Son of American killed by Elephant in Africa defends animal, 'mom would have done the same’ - Hindustan Times
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Son of American killed by Elephant in Africa defends animal, 'mom would have done the same’

ByAditi Srivastava
Apr 05, 2024 01:50 PM IST

Son of American tourist killed by elephant in Zambia defends animal, doesn't blame driver.

Blake Vetter, the son of an American tourist who tragically lost her life in Africa after being attacked by an elephant while on a safari, has spoken out in support of the animal. The incident occurred in the Kafue National Park in Zambia, where Gail Mattson, an 80-year-old woman from Minnesota, sustained fatal injuries. Despite the heartbreaking loss of his mother, Vetter has chosen not to assign blame to either the elephant or the driver involved in the incident.

An American woman died after an elephant attacked a safari vehicle in Africa (Pixabay - representational image)
An American woman died after an elephant attacked a safari vehicle in Africa (Pixabay - representational image)

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Son says Mom wouldn't blame Elephant for fatal incident

"She was really looking forward to this, and she also knew there were risks and that anytime something could happen," Vetter told Daily Mail. He continued, "People want to blame the elephant and the driver. It's awful how people don't know what's going on. The elephant was being an elephant. My mom would be the first to defend the driver and the elephant.”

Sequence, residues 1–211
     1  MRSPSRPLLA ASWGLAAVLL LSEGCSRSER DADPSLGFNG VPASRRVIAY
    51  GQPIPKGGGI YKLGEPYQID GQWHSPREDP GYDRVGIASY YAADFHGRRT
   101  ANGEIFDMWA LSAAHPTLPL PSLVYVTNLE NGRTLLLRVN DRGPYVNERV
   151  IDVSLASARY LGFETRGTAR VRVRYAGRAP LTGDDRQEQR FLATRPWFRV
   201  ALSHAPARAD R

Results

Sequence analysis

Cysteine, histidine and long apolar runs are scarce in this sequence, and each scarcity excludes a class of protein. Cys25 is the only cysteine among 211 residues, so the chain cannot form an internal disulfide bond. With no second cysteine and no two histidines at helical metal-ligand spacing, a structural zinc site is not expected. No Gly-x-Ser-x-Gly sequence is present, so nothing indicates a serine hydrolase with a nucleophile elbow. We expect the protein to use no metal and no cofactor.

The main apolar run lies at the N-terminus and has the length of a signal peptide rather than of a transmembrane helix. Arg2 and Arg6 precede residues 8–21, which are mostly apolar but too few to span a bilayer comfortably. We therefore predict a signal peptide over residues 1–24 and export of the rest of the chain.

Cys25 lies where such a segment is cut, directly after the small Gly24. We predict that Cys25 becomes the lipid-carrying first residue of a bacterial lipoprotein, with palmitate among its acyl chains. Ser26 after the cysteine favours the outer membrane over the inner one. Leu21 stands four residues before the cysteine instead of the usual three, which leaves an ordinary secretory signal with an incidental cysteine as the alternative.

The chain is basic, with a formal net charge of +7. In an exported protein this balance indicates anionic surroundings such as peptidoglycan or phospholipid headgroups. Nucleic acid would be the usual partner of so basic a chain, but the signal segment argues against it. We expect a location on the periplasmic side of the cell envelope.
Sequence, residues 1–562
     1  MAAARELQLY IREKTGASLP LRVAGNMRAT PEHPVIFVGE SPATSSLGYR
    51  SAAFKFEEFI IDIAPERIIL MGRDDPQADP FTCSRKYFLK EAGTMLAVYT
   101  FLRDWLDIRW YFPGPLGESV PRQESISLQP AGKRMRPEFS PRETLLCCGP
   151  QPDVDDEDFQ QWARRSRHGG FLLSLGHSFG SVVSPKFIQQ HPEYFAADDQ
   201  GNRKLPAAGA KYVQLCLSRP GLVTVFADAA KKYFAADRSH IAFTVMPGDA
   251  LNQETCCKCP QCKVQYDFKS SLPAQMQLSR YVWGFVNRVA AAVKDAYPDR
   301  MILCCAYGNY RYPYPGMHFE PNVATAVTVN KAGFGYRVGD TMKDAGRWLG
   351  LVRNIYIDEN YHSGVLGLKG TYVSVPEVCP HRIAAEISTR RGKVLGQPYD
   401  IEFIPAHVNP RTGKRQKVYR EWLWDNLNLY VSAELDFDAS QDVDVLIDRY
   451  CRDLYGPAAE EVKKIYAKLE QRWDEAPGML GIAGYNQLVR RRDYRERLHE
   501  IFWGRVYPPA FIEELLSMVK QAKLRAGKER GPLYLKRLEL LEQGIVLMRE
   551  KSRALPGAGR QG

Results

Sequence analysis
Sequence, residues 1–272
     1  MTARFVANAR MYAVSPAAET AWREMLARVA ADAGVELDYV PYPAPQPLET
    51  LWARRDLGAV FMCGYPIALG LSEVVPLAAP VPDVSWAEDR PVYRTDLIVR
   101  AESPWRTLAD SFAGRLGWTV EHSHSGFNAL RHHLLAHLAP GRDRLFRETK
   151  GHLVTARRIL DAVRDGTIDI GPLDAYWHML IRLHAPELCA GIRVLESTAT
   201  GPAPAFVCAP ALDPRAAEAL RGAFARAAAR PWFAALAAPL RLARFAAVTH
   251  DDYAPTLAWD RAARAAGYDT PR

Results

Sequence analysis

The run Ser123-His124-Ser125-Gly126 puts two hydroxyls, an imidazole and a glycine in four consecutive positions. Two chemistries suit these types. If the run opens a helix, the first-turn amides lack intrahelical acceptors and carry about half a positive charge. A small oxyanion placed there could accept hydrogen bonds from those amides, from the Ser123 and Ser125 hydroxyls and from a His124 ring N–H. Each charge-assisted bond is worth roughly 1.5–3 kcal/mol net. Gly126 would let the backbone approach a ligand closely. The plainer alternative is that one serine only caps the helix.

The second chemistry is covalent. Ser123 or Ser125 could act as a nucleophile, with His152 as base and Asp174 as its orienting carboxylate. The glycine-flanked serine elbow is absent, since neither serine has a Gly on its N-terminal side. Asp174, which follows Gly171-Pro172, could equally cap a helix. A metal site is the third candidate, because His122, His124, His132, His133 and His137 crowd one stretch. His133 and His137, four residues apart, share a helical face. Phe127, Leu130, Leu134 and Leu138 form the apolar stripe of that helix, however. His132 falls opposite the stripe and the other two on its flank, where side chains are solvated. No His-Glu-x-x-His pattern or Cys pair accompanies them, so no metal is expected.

Elephant attack in Zambia's Kafue National Park

Over the weekend, a video went viral showing a group of tourists on a safari in Zambia's Kafue National Park being attacked by a wild elephant. A group of travelers were taking pictures of the jungle when a huge bull elephant suddenly charged towards them. Although the video doesn't show the people in the vehicle, you can hear the tourists screaming as the elephant approaches. The tragic incident resulted in the death of a 79-year-old Minnesota woman Gail Matson. Meanwhile, six other tourists who were together with Matson sustained minor injuries and were rushed to a local hospital.

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The CEO of Wilderness Zambia, a safari organizer, explained that the difficult terrain hindered a quick escape. The organizers expressed their cooperation with the police investigation and offered condolences to Mattson's family. As per the CEO’s statement, “The operation's guides are all extremely well trained and experienced, but sadly in this instance the terrain and vegetation was such that the guide's route became blocked and he could not move the vehicle out of harm's way quickly enough.”

Meanwhile, Mattson, a retired loan officer, had just spent 11 days on a month-long foreign trip. The adventurous grandmother had been an explorer since retirement.

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